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Opinion

August 6, 2010

The late, ungreat New York state budget

Better late than never?

When it comes to New York state's budget, well, we're not absolutely sure.

About the only thing certain about the legislative circus that resulted Tuesday night in the Senate passage of a $136.5 billion budget is that it avoided setting a record for tardiness.

As it was, when the smoke (and mirrors) finally cleared, the budget was 125 days late, a scant eight days shy of the Aug. 11 record of shame established in 2004.

Were all this year's negotiations, hand-wringing, posturing and name-calling worth the result, which increases state spending by 2.4 percent?

That depends on your viewpoint.

With Democrats in control of the governor's mansion, the Senate and the Assembly, they certainly should have been able to get things done with more alacrity.

In a way, it's hard to argue with the statement Tuesday by Republican leader Sen. Dean Skelos after the final portion of the budget was passed, 32-28, without a single Republican vote.

"Today, Senate Democrats finished voting on a budget that raises taxes by nearly $4 billion," Skelos said. "Today's action also completes one of the latest budgets in state history. What did taxpayers get as a result? They got higher spending and more taxes, but not a single initiative to create any new jobs or improve New York's economy."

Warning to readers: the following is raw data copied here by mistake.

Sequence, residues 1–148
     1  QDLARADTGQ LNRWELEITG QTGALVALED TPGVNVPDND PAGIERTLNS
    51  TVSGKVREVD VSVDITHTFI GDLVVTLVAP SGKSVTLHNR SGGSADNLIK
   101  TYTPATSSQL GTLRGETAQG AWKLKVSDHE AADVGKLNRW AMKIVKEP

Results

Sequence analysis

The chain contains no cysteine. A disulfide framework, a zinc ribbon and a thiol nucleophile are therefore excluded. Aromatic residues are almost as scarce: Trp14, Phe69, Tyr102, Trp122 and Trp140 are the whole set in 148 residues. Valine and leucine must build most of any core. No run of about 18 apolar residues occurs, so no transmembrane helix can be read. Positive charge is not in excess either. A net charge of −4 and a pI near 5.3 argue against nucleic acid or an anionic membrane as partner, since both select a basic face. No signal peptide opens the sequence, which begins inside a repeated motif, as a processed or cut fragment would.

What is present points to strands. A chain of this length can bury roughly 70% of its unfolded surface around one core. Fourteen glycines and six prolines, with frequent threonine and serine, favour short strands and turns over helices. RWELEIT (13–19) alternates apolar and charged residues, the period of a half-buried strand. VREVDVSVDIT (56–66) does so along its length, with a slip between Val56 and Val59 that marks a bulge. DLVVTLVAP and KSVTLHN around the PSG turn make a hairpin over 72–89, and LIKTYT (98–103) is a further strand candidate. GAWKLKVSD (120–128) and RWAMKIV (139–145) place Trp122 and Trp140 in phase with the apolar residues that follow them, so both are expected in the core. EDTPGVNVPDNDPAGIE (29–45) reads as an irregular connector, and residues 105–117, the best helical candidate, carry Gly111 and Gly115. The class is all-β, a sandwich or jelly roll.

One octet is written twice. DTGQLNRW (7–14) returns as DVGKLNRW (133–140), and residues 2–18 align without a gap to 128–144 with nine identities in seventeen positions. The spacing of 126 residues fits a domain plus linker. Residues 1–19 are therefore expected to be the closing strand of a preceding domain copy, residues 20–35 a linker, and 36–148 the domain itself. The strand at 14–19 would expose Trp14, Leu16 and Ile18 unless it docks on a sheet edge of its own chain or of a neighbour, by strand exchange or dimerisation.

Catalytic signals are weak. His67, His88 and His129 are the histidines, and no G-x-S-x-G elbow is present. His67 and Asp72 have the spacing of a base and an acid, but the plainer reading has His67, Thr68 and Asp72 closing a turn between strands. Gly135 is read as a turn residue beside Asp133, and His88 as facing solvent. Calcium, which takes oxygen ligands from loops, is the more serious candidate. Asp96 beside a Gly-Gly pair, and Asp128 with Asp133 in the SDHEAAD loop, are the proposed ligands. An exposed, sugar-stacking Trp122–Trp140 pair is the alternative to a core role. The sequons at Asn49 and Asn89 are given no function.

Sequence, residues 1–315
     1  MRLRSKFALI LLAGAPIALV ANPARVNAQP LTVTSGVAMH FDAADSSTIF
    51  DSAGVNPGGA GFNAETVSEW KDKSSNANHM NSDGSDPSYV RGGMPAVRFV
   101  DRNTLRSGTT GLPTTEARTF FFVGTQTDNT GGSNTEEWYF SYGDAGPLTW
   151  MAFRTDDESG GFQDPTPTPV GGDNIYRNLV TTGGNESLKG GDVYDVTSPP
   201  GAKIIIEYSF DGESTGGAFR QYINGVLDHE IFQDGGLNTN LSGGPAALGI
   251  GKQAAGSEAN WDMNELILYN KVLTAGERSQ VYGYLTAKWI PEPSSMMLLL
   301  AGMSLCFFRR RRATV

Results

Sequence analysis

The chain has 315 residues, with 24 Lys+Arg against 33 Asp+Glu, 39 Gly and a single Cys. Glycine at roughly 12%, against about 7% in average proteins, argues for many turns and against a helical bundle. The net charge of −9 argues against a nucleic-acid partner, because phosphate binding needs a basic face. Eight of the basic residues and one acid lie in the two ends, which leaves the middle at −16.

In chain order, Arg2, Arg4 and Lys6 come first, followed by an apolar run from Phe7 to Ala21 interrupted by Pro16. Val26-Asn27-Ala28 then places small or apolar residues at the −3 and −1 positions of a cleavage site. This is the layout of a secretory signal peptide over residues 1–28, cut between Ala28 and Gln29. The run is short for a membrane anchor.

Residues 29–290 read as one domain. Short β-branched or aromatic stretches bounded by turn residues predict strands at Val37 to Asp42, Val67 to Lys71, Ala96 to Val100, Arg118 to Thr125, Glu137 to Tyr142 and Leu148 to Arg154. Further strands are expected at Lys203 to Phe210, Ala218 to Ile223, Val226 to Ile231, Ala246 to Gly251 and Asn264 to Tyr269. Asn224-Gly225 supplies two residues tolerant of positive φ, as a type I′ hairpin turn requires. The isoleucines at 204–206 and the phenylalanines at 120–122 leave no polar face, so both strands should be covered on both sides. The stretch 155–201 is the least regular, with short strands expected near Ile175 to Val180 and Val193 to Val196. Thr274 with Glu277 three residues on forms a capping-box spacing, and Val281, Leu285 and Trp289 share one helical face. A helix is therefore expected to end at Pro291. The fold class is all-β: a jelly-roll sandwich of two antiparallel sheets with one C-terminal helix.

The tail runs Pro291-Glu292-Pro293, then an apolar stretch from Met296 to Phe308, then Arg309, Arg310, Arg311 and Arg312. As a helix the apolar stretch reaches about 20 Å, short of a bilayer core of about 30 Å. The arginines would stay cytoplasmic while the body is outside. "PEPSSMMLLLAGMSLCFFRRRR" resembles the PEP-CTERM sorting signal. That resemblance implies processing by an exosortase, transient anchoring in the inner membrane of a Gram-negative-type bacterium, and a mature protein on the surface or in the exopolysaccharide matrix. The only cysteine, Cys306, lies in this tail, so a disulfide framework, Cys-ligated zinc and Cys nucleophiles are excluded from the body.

Of course, the Republicans _ reflecting the tactics of their party colleagues in Congress _ are anything but blameless. Even in the minority, they have a responsibility to help govern rather than to just say no to everything and then second-guess legislation passed by the Democrats.

Gov. David Paterson, for his part, seemed relieved to finally get the budget out of the way as he prepares to leave office at the first of the year.

"Today the state finalized a budget that closes a $9.2 billion budget gap," said Morgan Hook, Paterson's communications director. "This was done primarily through spending cuts and with no borrowing."

Hook, however, may be a bit too optimistic.

"A fiscally responsible budget," he said, "will help our state turn the corner on this economic crisis and put us on a path to recovery."

That, of course, is yet to be seen.

From a local standpoint, we are disappointed that a bill that would have given the State University system more control over how much it charges for tuition didn't even get to a vote.

The SUNY colleges in Oneonta, Delhi and Cobleskill and their students would have benefited from passage of the bill.

We hope it passes next year ... and not 125 days late.

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